Cardiospermum halicacabum

From Wikipedia, the free encyclopedia
Jump to navigation Jump to search

Cardiospermum halicacabum
Cardiospermum halicacabum 1808.jpg
Scientific classification edit
Kingdom: Plantae
Clade: Angiosperms
Clade: Eudicots
Clade: Rosids
Order: Sapindales
Family: Sapindaceae
Genus: Cardiospermum
C. halicacabum
Binomial name
Cardiospermum halicacabum

Cardiospermum halicacabum, known as the balloon plant or love in a puff, is a climbing plant widely distributed across tropical and subtropical areas of Africa, Australia, and North America.[1][2][3] It is often found as a weed along roads and rivers.

The 1889 book 'The Useful Native Plants of Australia' records that other common names for Cardiospermum halicacabum were "Broad-leaved Apple" and that the Indigenous people of the Rockhampton areas referred to it as "barro" while those of Cloncurry River area in Northern Queensland referred to it as "Go-onje or Gunthamarra". Rev J. E. Tenison-Woods also records that the seeds can be eaten while the fruit was eaten roasted. The root is diuretic and demulcent. It is mucilaginous, but has a nauseous taste, and is used to treat rheumatism. (Treasury of Botany.) Sanskrit writers mention this plant under the name of Jyautishmati, and describe the root as emetic, laxative, stomachic, and rubefacient; they prescribe it in rheumatism, nervous diseases, piles, etc. The leaves are used in amenorrhoea. Rheede says that on the Malabar coast the leaves are administrated for pulmonic complaints. According to Ainslie, the root is considered aperient, and is given in dosages of half a cupful twice daily. It would appear that in rheumatism the Hindus [sic.] administer the leaves internally rubbed up with castor-oil, and also apply a paste, made with them, externally; a similar external application is used to reduce swellings and tumours of various kinds. (Dymock.)"[2]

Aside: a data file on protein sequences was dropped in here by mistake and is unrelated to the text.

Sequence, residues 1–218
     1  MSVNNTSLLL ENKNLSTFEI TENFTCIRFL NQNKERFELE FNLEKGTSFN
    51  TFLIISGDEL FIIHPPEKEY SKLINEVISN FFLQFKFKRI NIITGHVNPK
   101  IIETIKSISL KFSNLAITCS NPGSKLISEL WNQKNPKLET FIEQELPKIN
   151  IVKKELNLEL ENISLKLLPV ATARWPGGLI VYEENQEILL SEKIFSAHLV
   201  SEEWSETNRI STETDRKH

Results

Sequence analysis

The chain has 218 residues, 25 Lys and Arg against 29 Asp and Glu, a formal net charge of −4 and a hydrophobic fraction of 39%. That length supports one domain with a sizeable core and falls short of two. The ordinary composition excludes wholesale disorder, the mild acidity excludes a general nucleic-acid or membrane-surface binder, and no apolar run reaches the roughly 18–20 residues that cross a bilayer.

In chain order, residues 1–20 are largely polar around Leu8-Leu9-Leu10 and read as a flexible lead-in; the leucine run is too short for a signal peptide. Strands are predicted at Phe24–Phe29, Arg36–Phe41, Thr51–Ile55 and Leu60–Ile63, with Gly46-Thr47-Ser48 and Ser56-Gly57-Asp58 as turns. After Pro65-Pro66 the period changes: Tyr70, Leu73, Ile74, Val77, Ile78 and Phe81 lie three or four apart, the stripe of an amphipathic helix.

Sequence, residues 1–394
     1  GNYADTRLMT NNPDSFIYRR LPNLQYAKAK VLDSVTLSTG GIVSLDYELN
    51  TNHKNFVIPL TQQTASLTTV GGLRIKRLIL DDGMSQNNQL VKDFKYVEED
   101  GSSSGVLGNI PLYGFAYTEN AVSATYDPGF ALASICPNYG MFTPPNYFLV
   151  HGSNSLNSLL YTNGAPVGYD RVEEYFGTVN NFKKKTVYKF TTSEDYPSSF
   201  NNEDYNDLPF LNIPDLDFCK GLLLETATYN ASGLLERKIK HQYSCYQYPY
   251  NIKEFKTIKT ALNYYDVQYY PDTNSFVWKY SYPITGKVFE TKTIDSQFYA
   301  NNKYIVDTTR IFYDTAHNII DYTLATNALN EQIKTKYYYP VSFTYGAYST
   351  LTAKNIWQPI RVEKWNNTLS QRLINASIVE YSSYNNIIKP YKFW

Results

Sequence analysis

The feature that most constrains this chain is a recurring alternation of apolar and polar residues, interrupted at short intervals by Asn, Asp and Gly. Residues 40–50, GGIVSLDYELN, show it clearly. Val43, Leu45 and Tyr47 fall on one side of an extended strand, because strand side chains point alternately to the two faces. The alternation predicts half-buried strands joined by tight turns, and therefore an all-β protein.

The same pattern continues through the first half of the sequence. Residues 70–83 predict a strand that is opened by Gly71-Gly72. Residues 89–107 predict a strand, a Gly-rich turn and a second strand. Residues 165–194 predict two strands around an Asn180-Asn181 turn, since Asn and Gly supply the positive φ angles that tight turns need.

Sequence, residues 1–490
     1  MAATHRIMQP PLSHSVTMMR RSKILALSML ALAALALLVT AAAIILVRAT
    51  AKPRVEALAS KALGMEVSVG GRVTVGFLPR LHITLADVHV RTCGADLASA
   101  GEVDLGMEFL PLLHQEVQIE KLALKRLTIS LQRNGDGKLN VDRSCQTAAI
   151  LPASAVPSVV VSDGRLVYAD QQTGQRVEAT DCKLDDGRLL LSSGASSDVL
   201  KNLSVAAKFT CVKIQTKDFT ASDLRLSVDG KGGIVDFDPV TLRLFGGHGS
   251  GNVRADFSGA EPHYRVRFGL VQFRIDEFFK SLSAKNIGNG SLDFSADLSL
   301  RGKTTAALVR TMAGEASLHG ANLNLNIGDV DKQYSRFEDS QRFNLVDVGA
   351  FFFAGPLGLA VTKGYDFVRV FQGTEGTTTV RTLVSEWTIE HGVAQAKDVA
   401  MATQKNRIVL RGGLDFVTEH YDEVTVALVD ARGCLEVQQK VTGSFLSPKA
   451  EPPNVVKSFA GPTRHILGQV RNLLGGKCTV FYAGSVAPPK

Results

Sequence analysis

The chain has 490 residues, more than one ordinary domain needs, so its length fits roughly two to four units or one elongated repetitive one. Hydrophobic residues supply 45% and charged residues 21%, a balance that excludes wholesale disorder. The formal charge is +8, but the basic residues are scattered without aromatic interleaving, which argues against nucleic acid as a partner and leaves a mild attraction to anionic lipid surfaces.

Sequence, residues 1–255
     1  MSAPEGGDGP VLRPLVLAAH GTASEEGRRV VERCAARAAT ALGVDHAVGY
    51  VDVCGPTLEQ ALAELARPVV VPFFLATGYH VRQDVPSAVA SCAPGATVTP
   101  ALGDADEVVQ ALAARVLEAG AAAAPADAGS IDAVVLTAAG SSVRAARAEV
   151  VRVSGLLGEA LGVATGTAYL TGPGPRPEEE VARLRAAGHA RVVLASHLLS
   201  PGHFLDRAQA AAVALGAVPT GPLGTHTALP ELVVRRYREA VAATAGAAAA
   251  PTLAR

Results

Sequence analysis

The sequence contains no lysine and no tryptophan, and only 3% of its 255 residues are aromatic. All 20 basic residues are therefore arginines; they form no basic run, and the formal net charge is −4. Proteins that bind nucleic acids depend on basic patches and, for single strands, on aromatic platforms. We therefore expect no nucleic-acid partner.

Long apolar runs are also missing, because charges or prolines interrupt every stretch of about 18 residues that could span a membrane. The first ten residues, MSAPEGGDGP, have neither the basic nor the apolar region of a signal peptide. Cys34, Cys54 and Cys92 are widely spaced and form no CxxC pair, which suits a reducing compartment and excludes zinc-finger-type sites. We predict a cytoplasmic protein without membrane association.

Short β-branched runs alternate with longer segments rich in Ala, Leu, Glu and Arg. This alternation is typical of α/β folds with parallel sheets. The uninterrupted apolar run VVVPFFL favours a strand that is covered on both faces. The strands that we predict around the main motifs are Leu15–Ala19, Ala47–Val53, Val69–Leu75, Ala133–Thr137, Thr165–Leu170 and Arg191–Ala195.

In New Zealand it is listed on the National Pest Plant Accord which identifies pest plants that are prohibited from commercial propagation and distribution. In Bermuda it is listed as a Category 1 Invasive Plant by the Department of Environment and Natural Resources[3]. Within the United States, four southern states (Alabama, Arkansas, South Carolina, and Texas) have all placed this plant on their individual noxious weed lists.[1]

It is one among the "Ten Sacred Flowers of Kerala", collectively known as Dasapushpam.



  1. ^ a b "Plants Profile for Cardiospermum halicacabum (balloon vine)". Retrieved 2019-05-29.
  2. ^ a b J. H. Maiden (1889). The useful native plants of Australia : Including Tasmania. Turner and Henderson, Sydney.
  3. ^ a b Pettit, Drew (2016). Bermuda's indigenous and invasive plants. Government of Bermuda. p. 118.

External links[edit]

Media related to Cardiospermum halicacabum at Wikimedia Commons